disaster recovery

Following disasters, the pressure to urgently address complex, difficult decisions can result in reactive policies that may increase long-term vulnerability of affected populations. Post-disaster policies aimed at sustainable re-development should be informed by an analysis of the components of vulnerability that comprise a system and how these can be most effectively influenced during the short-term and long-term phases of rebuilding.

We have over 10 years of experience of monitoring, evaluating and advising on recovery after major disasters. We have carried out field studies on different aspects of disaster recovery and published extensively following detailed investigations in many disaster events, including: 1999 Chi Chi (Taiwan) earthquake, 2004 Bam earthquake (Iran), 2004 Asian Tsunami (Sri Lanka), 2005 Hurricane Katrina (USA), 2005 Pakistan earthquake, 2011 Tohoku earthquake (Japan), 2011 Van earthquake (Turkey), 2013 floods in Central Europe, 2015 Nepal earthquake and the recent 2016 Ecuador earthquake.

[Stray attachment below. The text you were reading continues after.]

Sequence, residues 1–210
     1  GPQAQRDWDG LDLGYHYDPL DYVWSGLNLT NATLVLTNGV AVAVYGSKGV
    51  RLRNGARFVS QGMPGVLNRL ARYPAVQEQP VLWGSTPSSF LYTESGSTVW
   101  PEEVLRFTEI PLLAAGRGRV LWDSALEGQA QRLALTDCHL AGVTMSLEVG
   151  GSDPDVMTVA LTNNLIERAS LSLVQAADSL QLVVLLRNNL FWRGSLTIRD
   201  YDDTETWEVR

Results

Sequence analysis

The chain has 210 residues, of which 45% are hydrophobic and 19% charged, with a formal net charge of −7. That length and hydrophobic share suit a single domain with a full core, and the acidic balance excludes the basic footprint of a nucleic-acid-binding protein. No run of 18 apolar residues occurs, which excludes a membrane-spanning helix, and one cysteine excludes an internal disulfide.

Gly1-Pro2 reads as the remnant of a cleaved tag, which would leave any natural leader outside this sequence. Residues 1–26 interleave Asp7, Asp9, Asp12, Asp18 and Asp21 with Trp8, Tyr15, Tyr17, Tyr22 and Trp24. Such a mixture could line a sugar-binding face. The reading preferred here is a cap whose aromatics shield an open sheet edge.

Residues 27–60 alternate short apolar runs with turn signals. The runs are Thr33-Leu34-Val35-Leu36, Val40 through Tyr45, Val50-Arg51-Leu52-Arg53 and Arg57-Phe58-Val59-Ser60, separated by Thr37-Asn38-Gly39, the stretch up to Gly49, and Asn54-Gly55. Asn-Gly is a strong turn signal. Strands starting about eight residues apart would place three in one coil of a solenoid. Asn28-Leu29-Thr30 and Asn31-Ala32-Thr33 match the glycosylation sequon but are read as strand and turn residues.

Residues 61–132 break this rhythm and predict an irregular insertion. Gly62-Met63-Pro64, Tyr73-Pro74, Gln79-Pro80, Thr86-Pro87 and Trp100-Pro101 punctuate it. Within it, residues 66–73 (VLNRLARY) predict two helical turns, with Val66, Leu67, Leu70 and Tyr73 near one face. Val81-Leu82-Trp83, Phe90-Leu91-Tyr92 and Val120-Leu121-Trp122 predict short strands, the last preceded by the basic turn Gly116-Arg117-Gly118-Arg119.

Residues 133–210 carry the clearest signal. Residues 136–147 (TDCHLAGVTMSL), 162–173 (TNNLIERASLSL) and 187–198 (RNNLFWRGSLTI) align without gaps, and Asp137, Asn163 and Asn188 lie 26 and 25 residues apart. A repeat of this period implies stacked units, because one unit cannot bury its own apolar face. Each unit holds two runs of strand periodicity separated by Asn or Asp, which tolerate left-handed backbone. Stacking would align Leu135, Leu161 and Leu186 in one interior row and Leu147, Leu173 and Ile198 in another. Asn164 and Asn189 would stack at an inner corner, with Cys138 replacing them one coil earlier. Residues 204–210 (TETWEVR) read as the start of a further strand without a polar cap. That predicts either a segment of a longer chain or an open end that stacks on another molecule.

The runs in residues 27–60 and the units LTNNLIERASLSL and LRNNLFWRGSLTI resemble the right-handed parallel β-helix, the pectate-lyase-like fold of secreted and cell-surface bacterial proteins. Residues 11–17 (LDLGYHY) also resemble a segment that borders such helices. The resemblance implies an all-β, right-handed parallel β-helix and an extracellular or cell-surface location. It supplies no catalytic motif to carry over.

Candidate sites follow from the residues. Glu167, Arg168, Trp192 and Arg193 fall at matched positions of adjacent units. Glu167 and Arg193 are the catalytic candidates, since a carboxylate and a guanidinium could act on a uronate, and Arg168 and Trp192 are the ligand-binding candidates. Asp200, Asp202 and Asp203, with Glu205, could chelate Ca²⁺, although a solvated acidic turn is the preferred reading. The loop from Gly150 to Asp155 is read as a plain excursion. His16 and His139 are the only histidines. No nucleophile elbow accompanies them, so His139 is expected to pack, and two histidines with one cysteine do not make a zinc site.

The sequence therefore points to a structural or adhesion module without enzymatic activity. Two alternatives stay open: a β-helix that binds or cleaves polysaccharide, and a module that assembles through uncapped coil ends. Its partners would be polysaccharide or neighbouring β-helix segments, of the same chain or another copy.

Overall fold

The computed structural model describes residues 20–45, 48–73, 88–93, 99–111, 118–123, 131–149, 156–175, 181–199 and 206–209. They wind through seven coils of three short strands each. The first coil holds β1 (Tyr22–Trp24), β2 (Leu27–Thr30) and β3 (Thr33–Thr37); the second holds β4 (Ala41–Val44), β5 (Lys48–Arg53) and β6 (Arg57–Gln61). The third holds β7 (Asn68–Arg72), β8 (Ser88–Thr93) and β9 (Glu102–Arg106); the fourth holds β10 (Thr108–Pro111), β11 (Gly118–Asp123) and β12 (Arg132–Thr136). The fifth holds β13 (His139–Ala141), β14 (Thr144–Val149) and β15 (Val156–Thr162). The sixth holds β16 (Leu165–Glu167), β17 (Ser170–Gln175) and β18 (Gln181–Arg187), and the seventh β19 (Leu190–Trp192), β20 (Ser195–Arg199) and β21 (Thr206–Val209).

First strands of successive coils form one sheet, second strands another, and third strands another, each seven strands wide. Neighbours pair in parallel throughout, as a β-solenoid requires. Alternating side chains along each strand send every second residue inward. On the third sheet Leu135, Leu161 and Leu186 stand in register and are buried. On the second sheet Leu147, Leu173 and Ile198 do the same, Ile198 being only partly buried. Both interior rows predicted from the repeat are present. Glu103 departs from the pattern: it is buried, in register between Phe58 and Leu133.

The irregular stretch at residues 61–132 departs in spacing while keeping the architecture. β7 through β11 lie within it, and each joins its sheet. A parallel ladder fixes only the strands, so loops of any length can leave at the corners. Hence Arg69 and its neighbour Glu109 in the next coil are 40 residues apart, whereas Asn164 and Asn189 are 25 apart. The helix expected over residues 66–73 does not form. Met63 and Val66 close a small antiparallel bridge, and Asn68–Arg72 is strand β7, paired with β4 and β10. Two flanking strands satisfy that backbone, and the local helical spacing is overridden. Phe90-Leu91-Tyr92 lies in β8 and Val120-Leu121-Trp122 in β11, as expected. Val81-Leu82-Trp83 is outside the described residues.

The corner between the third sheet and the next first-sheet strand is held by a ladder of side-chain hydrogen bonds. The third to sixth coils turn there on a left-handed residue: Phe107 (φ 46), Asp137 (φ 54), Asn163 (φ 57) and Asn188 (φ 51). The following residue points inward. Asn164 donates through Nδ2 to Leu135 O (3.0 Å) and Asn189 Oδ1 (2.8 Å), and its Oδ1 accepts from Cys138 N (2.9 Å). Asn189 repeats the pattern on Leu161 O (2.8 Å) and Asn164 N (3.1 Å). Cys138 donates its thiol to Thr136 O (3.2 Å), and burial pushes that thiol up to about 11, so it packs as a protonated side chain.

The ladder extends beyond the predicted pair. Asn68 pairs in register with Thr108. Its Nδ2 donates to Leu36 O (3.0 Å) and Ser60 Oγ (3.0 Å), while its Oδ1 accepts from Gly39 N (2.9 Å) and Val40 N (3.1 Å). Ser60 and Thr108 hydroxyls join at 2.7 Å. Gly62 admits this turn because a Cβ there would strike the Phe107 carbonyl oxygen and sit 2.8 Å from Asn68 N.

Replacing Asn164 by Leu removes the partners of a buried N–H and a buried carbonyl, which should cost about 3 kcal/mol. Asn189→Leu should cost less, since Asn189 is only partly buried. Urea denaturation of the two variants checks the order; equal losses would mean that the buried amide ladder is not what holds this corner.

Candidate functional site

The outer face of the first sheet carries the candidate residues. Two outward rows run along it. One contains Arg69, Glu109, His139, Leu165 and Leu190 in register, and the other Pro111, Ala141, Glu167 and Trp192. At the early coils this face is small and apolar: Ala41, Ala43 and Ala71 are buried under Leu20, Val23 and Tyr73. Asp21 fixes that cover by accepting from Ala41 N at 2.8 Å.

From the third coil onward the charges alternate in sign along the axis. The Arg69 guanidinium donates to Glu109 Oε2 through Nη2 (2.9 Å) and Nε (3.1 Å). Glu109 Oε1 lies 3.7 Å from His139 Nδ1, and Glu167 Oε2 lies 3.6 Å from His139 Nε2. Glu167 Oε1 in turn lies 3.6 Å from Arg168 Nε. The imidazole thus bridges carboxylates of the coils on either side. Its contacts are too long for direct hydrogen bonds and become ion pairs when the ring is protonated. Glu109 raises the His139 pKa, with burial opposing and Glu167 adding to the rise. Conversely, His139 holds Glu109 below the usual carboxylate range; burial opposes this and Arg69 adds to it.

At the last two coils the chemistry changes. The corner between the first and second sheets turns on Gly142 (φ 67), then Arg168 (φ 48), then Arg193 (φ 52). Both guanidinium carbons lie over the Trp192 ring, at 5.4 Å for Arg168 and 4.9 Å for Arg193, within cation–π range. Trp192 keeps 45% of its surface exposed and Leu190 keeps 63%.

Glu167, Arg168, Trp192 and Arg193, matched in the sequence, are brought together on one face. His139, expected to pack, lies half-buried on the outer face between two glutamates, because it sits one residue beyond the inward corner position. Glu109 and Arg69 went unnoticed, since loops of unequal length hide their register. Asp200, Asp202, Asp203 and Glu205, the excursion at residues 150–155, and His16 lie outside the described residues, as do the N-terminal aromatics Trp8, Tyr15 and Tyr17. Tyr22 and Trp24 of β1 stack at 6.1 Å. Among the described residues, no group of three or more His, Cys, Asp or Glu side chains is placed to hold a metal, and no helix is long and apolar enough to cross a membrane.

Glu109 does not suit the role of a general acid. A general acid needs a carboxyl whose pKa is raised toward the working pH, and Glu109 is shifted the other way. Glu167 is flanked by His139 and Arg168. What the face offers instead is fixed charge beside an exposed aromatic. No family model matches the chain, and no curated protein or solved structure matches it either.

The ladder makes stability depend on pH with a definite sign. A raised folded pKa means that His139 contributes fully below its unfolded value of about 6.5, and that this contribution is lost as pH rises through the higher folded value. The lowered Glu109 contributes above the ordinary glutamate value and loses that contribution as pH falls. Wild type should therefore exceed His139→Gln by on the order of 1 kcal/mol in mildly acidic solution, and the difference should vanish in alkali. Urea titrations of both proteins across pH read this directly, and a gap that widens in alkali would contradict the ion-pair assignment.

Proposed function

We have expertise in the following disaster recovery areas:

  • loss and damage assessments
  • vulnerability, capacity and needs assessments
  • shelter and housing needs assessments
  • crisis communication strategies
  • reconstruction planning
  • school safety and reconstruction planning
  • tourism impact and recovery

Resources:


We analyzed the shelter response following the earthquake on 22 April 2015 which displaced 2.3 million people.
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An interdisciplinary team of researchers examined the key issues in the recovery process in the disaster information communication chain in Nepal.
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